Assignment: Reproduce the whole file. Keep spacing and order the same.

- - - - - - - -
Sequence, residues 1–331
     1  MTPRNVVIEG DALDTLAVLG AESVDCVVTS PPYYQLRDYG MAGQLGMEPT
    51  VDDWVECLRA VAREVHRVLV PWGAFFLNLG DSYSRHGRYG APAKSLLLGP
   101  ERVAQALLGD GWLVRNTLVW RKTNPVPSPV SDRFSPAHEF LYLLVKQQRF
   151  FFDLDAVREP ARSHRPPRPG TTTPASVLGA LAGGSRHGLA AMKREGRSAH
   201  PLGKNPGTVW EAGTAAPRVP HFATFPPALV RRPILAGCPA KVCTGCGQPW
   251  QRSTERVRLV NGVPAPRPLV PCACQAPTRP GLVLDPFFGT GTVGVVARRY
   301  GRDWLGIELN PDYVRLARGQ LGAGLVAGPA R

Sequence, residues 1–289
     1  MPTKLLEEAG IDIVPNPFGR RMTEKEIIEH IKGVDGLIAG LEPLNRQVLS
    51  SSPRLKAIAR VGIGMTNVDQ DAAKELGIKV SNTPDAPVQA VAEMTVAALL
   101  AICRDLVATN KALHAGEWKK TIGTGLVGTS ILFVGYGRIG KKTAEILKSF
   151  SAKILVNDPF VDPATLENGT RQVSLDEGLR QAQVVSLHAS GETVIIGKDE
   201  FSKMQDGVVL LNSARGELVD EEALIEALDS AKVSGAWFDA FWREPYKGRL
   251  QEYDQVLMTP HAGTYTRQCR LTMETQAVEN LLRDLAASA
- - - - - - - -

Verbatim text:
Sequence, residues 1–331
     1  MTPRNVVIEG DALDTLAVLG AESVDCVVTS PPYYQLRDYG MAGQLGMEPT
    51  VDDWVECLRA VAREVHRVLV PWGAFFLNLG DSYSRHGRYG APAKSLLLGP
   101  ERVAQALLGD GWLVRNTLVW RKTNPVPSPV SDRFSPAHEF LYLLVKQQRF
   151  FFDLDAVREP ARSHRPPRPG TTTPASVLGA LAGGSRHGLA AMKREGRSAH
   201  PLGKNPGTVW EAGTAAPRVP HFATFPPALV RRPILAGCPA KVCTGCGQPW
   251  QRSTERVRLV NGVPAPRPLV PCACQAPTRP GLVLDPFFGT GTVGVVARRY
   301  GRDWLGIELN PDYVRLARGQ LGAGLVAGPA R

Sequence, residues 1–289
     1  MPTKLLEEAG IDIVPNPFGR RMTEKEIIEH IKGVDGLIAG LEPLNRQVLS
    51  SSPRLKAIAR VGIGMTNVDQ DAAKELGIKV SNTPDAPVQA VAEMTVAALL
   101  AICRDLVATN KALHAGEWKK TIGTGLVGTS ILFVGYGRIG KKTAEILKSF
   151  SAKILVNDPF VDPATLENGT RQVSLDEGLR QAQVVSLHAS GETVIIGKDE
   201  FSKMQDGVVL LNSARGELVD EEALIEALDS AKVSGAWFDA FWREPYKGRL
   251  QEYDQVLMTP HAGTYTRQCR LTMETQAVEN LLRDLAASA